Shannon Ritter: Getting a jump on the future


Published: Monday, January 7, 2008 at 6:01 a.m.
Last Modified: Monday, January 7, 2008 at 12:00 a.m.

Sarah Hall's future is incredibly bright.

Last year, Sarah graduated from Gainesville High School's Academy of Health Professions, a career magnet program for students who want to work in the health care field. Thanks to that program she graduated with both a high school diploma and state certification as a nursing assistant, which she'll be able to put to good use when she goes to work next summer.

She also left high school with six college credits under her belt, which means she'll need less time and money to graduate from the nursing program at Florida International University, where she is currently enrolled as an honors student. Best of all, she found herself well-prepared for the rigors of her college classes.

"So far college has been a piece of cake," she said recently. "I already know a lot of the content while the other students are having to start from scratch."

Sarah's story highlights the benefits of Alachua County's extensive career and technical magnet programs. More than 1,000 local high school students are getting a head start on their futures through one of the district's career academies. They're learning to care for livestock, run a business and respond to medical emergencies. They're learning to take care of children, prepare restaurant dishes and build homes. Whatever their area of interest, these students are developing highly marketable job skills while working toward their high school diplomas.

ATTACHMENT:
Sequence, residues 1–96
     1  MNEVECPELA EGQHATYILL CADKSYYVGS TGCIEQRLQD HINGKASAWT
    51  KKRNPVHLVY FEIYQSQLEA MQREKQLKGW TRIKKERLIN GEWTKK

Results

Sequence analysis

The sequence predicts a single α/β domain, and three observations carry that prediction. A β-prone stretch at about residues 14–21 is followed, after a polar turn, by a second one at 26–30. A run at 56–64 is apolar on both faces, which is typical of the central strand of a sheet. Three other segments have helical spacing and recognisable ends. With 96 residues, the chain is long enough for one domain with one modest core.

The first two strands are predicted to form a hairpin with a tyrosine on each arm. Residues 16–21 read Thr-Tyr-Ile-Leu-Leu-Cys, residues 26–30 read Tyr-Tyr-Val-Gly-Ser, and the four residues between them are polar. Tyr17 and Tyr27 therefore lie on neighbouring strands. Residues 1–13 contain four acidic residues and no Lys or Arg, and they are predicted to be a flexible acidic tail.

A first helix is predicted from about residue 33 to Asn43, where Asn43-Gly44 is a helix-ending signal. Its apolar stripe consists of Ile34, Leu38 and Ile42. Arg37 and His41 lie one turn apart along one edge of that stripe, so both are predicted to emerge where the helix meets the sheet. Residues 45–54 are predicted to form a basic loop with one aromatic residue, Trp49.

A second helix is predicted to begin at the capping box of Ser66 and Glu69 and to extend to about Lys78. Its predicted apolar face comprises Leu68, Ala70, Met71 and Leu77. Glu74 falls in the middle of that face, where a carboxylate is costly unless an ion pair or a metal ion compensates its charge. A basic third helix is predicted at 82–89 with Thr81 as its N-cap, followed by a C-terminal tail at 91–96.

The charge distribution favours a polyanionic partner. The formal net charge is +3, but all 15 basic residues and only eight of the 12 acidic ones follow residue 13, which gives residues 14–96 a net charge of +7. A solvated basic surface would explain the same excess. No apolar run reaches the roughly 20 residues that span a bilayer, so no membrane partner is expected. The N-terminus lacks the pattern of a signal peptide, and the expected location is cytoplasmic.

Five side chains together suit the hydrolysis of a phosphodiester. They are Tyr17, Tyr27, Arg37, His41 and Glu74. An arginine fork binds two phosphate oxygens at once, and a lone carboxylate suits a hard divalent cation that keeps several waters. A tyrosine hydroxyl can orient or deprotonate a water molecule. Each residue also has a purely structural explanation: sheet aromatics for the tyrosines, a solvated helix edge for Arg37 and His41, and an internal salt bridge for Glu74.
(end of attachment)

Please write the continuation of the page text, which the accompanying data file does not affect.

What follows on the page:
Career education in Alachua County is not what many of us remember when we were in school. Most of Alachua County's magnet program students are headed for college once they graduate, and many of them will have earned college credits and/or scholarships in addition to their high school diplomas.

Hands-on, practical learning activities are a big part of each career academy's curriculum, both in the classroom and in the community. Thanks to partnerships with local businesses, Alachua County students are able to work in their chosen field during the school year or over the summer, gaining valuable experience that looks very good on a job or college application. And like Sarah, many students are also able to earn certification in their chosen field while they're still in high school, meaning they can move straight into the workplace even while working toward a college degree.

Parents and students will have an opportunity to learn more about the many educational opportunities available in Alachua County during the district's upcoming Career Academy Forum. The forum will be held at Buchholz High School on Thursday, Jan. 10, from 7 to 8 p.m. Representatives from all of the career academies will be at the forum with displays and information about their programs.

The academies will also hold open houses between mid-January and early February so that students and their families can visit in person. A full schedule and a description of all the academies are available on the district's Web site at www.sbac.edu or by calling the Department of Career and Technical Education at 955-7600.

As incoming high school students and their parents consider whether a career academy magnet is the right choice, Sarah Hall has an excellent piece of advice: "It's never too soon to think about what you want to do with the rest of your life."

Shannon Ritter is director of Career and Technical Education for Alachua County public schools.

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